Thursday, 16 November 2017


Zimbabwe’s power utility Zesa Holdings, intends to review power tariffs by 3c/kwh to stem losses, sources familiar with the development said yesterday. The proposed increase will see average tariffs rising to 12,8c/kwh from 9,8c/kwh and will enable Zesa to generate additional revenue of about $200 million per year. In 2016, electricity sales was 7,318 GWh, 2 percent below 7474 GWh recorded in 2015 due to depressed capacity utilisation and demand side management impact of prepaid meters.

Zesa will need to seek approvals from the regulator, Zimbabwe Energy Regulatory Authority (ZERA). ZESA has often blamed low tariffs as one of the reasons behind erratic electricity supplies. Zimbabwe currently generates about 1 000 megawatts against peak demand of about 1 400 megawatts and the country complements local generation with imports mainly from South Africa’s power utility Eskom and Mozambique’s Hydro-electric Cahora Bassa.

“Zesa is still finalising the budgets but they are looking at additional three cents and this will help the power utility to break-even,” said one source who requested not to be named. No comment could be obtained from Zesa by the time of going to print yesterday.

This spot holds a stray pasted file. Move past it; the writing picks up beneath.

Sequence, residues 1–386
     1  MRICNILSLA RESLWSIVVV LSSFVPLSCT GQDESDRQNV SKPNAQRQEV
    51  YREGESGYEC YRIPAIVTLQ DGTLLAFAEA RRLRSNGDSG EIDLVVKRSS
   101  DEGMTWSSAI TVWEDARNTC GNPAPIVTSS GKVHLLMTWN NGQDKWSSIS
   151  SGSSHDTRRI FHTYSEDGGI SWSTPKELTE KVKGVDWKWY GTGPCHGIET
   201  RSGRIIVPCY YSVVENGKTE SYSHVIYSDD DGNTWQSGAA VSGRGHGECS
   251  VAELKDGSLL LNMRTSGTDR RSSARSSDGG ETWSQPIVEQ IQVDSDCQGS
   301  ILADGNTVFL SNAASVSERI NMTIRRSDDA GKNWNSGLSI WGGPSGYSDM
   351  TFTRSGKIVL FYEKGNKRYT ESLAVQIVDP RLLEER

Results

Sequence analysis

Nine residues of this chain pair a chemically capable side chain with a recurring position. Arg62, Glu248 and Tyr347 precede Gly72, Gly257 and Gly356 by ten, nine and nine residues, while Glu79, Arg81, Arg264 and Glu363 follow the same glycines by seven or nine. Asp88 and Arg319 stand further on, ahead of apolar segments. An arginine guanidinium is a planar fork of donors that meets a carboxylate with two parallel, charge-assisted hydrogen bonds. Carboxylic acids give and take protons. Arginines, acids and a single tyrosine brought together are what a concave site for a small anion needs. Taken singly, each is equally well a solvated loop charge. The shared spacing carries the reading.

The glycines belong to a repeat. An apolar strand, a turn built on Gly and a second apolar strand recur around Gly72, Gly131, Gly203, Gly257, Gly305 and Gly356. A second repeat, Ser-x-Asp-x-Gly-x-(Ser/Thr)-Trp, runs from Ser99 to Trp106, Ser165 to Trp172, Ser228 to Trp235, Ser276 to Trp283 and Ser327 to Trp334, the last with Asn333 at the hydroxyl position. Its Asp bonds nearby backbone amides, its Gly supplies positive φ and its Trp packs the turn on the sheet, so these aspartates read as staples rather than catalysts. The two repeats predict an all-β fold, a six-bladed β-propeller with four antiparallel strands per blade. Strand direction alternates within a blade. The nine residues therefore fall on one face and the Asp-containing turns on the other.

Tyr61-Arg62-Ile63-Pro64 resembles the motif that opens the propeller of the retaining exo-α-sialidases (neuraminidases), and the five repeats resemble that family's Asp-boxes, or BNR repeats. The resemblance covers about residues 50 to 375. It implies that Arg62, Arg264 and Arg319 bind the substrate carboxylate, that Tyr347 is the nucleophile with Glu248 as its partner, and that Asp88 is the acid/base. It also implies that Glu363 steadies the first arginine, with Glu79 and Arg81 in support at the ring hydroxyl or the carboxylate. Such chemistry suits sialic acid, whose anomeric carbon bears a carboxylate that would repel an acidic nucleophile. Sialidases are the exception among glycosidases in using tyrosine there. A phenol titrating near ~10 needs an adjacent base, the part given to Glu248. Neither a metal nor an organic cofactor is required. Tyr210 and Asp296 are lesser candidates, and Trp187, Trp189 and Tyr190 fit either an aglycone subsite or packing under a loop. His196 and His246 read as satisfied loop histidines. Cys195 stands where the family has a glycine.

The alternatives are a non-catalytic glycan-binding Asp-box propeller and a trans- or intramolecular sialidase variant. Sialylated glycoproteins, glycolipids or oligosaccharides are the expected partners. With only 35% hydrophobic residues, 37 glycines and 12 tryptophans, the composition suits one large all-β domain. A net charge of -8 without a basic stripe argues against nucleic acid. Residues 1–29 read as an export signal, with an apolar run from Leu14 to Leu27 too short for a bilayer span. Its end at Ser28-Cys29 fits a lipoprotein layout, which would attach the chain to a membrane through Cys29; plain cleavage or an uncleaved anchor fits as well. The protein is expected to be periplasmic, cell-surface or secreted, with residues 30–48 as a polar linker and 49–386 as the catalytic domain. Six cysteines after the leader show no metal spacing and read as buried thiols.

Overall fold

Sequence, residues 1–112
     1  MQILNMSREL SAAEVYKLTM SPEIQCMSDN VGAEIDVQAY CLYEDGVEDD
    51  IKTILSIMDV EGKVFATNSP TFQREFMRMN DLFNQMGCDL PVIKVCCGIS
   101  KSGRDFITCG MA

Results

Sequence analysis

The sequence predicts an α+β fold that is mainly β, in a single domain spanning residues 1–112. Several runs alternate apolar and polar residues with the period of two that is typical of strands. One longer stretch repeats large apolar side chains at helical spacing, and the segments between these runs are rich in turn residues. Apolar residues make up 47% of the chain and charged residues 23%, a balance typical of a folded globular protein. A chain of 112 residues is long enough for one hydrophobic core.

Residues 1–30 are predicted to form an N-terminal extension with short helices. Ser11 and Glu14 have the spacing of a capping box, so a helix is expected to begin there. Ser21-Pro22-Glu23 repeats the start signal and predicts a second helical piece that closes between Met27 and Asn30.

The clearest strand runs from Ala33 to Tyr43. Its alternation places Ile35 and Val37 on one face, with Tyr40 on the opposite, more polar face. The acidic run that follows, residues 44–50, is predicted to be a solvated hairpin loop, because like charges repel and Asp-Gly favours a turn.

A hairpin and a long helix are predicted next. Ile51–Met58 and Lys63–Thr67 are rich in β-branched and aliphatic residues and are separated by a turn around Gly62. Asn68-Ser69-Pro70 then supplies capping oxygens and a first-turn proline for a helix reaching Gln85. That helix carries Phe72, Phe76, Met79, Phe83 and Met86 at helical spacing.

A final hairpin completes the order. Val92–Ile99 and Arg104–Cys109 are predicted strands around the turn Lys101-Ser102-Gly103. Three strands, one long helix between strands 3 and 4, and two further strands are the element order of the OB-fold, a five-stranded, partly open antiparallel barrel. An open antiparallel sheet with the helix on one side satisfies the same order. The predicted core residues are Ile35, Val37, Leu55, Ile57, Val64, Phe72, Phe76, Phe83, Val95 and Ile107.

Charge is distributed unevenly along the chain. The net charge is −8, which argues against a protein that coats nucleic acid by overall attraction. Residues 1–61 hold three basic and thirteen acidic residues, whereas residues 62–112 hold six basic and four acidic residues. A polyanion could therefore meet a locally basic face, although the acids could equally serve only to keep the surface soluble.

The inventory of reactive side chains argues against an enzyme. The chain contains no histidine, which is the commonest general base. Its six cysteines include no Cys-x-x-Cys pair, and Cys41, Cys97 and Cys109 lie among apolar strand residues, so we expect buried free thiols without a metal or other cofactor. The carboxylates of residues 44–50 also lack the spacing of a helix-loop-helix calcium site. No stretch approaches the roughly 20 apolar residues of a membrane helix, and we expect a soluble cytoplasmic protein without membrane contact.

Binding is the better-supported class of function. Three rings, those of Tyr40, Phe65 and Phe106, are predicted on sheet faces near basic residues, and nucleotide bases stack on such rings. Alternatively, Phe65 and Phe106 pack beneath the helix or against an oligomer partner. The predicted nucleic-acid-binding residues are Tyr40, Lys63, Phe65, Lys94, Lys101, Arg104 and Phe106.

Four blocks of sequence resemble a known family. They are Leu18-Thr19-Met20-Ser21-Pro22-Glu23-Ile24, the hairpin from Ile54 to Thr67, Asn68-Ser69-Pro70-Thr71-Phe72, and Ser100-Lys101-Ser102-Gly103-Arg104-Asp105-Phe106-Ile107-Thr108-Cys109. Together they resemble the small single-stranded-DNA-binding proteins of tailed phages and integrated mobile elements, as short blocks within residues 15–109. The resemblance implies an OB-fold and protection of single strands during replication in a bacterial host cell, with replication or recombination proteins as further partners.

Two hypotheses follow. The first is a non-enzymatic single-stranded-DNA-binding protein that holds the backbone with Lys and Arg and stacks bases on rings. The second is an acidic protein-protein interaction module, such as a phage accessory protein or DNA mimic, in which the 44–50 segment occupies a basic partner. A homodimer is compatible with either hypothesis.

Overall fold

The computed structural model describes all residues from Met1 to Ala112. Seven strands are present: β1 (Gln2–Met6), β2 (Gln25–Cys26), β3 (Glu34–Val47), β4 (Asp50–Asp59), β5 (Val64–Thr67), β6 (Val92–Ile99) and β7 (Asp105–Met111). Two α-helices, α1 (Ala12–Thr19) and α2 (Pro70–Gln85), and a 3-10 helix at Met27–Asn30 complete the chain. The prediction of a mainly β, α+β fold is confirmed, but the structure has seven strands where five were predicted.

Last year, Zesa sought a tariff increase of 49 percent, but was rejected by the Government arguing the increase would militate against efforts to lower costs of doing business. ZESA had proposed an upward review of 49 percent, a move which would have seen electricity consumers paying 14c/kwh from an average 9,8c/ kWh. ZERA said there was need for ZESA to improve efficiency levels, as well as implement cost-cutting measures. The regulator has challenged ZESA to come up with effective revenue and debt collection initiatives before making presentations for tariff increase. ZERA has already engaged a consultant to look into Zesa’s huge cost structure, amid indications that recommendations might be made to re-bundle the group to the original structure. Herald


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